December 2, 2012

Claus: Legend of the Fat Man

Claus: Legend of the Fat Man

Claus: Legend of the Fat Man by Tony Bertauski

Kindle Edition, 327 pages
Young Adult, Science Fiction Fantasy

Amazon Kindle
My rating: 4 of 5 stars

My Review

Claus Legend of the Fat Man is a wild fantasy adventure of titanic proportions.
When a family of 3 went missing on a trip to the North Pole they are rescued by Elvens. Some Elvens are being hunted by the Coldhearted brother of Claus , Janack aka Jack. I related to Jack the most. I guess perhaps because he is the only one who showed any emotion WHATSOEVER (lol) good or bad but even though he was cold and blue , his true colors hiding behind the block of ice are revealed in the end . *tears

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Goodreads Summary

Claus: Legend of the Fat ManThe Christmas story you never heard.
In the early 1800s, Nicholas, Jessica and Jon Santa attempt the first human trek to the North Pole and stumble upon an ancient race of people left over from the Ice Age. They are short, fat and hairy. They slide across the ice on scaly soles and carve their homes in the ice that floats on the Arctic Ocean. The elven are adapted to life in the extreme cold. They are as wise as they are ancient. Their scientific advancements have yielded great inventions -- time-stopping devices and gravitational spheres that build living snowmen and genetically-modified reindeer that leap great distances. They’ve even unlocked the secrets to aging. For 40,000 years, they have lived in peace. Until now. An elven known as The Cold One has divided his people. He’s tired of their seclusion and wants to conquer the world. Only one elven stands between The Cold One and total chaos. He’s white-bearded and red-coated. The Santa family will help him stop The Cold One. They will come to the aid of a legendary elven known as...Claus.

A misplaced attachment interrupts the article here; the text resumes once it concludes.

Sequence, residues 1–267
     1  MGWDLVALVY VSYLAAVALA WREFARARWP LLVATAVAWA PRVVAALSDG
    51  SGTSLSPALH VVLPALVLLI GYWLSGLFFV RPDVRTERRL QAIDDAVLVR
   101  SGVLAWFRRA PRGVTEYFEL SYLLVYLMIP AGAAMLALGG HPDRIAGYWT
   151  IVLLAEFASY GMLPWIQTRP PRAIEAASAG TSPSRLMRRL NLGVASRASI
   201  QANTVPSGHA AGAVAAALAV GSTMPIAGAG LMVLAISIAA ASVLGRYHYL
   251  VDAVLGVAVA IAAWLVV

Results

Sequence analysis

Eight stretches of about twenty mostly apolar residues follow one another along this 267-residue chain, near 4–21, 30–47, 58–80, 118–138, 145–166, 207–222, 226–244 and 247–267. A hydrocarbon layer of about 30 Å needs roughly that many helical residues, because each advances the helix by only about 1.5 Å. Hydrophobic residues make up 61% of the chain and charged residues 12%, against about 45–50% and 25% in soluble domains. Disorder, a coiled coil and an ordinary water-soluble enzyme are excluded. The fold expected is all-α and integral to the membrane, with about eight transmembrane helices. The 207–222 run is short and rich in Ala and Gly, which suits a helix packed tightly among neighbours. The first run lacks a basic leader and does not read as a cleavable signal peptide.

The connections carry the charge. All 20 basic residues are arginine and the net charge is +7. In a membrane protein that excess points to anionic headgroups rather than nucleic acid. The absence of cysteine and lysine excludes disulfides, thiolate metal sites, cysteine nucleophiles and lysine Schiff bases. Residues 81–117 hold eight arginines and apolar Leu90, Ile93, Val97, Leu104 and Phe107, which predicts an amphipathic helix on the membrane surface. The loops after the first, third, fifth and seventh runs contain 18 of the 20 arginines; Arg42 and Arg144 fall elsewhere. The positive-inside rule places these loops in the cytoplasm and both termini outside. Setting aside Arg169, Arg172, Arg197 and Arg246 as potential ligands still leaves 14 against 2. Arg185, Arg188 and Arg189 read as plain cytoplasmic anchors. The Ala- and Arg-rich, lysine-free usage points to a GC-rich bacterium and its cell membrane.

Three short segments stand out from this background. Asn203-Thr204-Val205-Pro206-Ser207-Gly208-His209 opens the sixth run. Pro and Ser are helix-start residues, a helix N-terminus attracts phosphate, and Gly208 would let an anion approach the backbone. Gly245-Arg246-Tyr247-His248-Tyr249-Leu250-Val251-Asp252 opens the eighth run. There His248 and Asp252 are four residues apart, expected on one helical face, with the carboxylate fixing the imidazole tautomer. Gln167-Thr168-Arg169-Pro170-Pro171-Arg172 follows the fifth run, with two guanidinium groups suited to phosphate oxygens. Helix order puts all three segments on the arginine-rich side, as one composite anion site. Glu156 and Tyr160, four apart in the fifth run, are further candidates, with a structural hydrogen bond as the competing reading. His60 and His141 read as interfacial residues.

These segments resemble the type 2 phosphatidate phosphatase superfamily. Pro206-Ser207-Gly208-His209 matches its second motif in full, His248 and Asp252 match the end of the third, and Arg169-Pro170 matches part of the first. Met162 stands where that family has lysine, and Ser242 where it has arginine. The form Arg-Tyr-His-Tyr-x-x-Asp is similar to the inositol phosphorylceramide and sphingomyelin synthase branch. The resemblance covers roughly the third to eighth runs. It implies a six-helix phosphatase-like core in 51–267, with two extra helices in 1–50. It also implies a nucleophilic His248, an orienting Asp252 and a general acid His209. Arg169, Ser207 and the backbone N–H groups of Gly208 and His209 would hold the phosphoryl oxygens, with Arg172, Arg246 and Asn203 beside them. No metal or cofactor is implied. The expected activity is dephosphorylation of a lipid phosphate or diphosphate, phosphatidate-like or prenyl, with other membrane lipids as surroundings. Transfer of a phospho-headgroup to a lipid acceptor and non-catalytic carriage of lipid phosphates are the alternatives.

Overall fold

About the author 

My grandpa never graduated high school. He retired from a steel mill in the mid-70s. He was uneducated, but he was a voracious reader. I remember going through his bookshelves of paperback sci-fi novels, smelling musty old paper, pulling Piers Anthony and Isaac Asimov off shelf and promising to bring them back. I was fascinated by robots that could think and act like people. What happened when they died? I've written textbooks on landscape design, but that was straightforward, informational writing; the kind of stuff that helps most people get to sleep. I've also been writing a gardening column with a humorous slant. That takes a little more finesse, but still informational for the most part. I'm a cynical reader. I demand the writer sweep me into his/her story and carry me to the end. I'd rather sail a boat than climb a mountain. That's the sort of stuff I wanted to write, not the assigned reading we used to get in high school. I wanted to create stories that kept you up late. Fiction, GOOD fiction, is hard to write. Having a story unfold inside your head is an experience different than reading. You connect with characters in a deeper, more meaningful way. You feel them, empathize with them, cheer for them and even mourn. The challenge is to get the reader to experience the same thing, even if it's only a fraction of what the writer feels. Not so easy.

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